Tips for Maintaining a Gear Pump
A gear pump is a type of positive displacement pump that is used to pump low or high viscosity fluids. However, the most common application of a gear pump is that of using one to pump hydraulic fluid in various types of vehicles. The most common example of a gear pump is the hydraulic gear pump that is used in the transmissions of many vehicle. However, there are many other applications that use a gear pump as well.
Regardless of the type of gear pump you are working with, a few good maintenance tips might be able to save you the considerable expense of having to repair one. Therefore, this article will focus on a few ways to keep a gear pump in your vehicle in tip-top shape.
Checking for Signs of Wear and Tear
In order to keep your vehicle in good running condition, you need to perform periodic maintenance and service to the car. Your maintenance should also include the periodic checking and service of the gear pump in your vehicle. You will need to be handy with a screwdriver and a bearing puller in order to properly maintain the gear pump; however, servicing the gear pump yourself can save you a bundle versus having it done at a car repair shop.
When you examine the gear pump in your vehicle, check the teeth in the gears for signs of wear and tear. A brand new gear pump usually ships with a clearance of about 0.005 to 0.007 inches between the teeth of the gears and the chamber wall. This clearance is just enough for a piece of very thin wrapping paper. Therefore, you can use this type of paper to check the clearance between the gear teeth. If the paper slides in and out between the teeth too easily, then the gears have been worn due to scrubbing or poor lubrication.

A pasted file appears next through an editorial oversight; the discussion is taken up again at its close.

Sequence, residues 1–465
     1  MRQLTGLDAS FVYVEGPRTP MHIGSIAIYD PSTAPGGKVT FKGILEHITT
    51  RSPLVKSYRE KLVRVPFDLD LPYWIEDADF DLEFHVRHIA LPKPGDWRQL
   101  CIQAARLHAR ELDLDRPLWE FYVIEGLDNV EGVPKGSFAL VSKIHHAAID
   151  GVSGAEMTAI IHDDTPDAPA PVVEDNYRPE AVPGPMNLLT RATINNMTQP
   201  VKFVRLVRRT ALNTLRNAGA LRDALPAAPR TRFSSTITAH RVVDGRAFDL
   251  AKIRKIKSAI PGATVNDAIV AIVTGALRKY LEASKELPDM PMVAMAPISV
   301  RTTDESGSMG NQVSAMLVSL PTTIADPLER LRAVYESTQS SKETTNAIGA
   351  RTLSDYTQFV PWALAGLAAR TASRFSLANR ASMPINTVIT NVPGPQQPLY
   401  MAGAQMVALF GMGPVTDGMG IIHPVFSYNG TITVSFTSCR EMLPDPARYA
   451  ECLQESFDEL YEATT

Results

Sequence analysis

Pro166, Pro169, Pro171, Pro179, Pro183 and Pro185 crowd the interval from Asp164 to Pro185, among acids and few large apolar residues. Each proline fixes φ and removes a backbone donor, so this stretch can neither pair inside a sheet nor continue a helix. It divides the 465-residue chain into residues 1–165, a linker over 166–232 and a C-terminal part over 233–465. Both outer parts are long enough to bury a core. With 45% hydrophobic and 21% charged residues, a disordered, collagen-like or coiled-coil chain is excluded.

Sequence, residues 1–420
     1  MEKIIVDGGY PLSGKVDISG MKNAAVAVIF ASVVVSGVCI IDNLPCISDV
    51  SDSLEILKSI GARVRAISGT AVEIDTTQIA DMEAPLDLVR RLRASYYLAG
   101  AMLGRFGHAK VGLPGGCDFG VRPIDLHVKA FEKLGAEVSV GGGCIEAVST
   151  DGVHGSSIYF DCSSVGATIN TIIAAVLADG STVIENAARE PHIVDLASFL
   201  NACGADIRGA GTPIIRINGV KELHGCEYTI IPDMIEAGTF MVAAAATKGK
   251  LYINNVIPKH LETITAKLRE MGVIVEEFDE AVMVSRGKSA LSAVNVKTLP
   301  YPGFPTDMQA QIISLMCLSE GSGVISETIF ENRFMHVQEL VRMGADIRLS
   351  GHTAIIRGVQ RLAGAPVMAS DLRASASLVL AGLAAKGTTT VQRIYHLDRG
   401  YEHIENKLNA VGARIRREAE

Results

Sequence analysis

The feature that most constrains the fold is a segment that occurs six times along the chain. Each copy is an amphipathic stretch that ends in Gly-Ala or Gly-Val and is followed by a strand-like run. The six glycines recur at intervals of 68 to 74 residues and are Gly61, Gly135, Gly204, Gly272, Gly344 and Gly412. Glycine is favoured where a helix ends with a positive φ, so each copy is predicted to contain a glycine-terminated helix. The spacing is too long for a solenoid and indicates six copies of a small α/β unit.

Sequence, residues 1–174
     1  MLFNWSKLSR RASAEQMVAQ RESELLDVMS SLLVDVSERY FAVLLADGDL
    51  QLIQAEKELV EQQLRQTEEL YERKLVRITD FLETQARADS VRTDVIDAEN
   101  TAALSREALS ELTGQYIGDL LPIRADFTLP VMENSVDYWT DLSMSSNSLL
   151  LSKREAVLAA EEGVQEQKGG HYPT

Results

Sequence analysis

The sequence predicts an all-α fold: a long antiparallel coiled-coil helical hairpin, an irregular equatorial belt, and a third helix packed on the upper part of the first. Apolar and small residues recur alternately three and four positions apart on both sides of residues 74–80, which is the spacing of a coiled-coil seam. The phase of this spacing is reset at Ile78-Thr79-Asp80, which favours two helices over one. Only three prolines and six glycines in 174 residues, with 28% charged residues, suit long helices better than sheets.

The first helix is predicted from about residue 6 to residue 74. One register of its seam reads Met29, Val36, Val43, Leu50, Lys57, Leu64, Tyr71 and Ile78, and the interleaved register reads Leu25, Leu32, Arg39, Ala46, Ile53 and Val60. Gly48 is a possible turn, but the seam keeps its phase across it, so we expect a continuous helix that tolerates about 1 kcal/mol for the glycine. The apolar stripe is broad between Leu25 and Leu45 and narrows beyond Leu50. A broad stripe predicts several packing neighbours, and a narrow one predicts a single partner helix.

The Pump Bearings
Another important component of the gear pump is the bearings. Therefore, you should occasionally check them for signs of wear as well. Good bearings should be completely round, while defective bearings will often appear to be oval, or egg-shaped. Defective bearings allow the gears in the pump to shift position in the chamber, rather than remaining straight and true.
You will need to remove defective bearings by using a bearing puller. The device uses a collet to remove the bearings and you should be able to pick one up at your local automotive tools store. If you are lucky, however, you may be able to remove the entire bearing assembly. It will depend on the make and model of your vehicle and the type of gear pump that is used.
Other Things to Check
Although the bearings and gears are the components most susceptible to damage in a gear pump, there are other areas that you should occasionally check as well. For instance, the pin that holds the gears into their shafts is crucial to reliable operation of the pump. If the pin becomes sheared or cracked, it could lead to a gear pump that does not function at all. Likewise, you should carefully inspect the pump cover for bulges or cracks that could indicate there are pressure problems in the pump.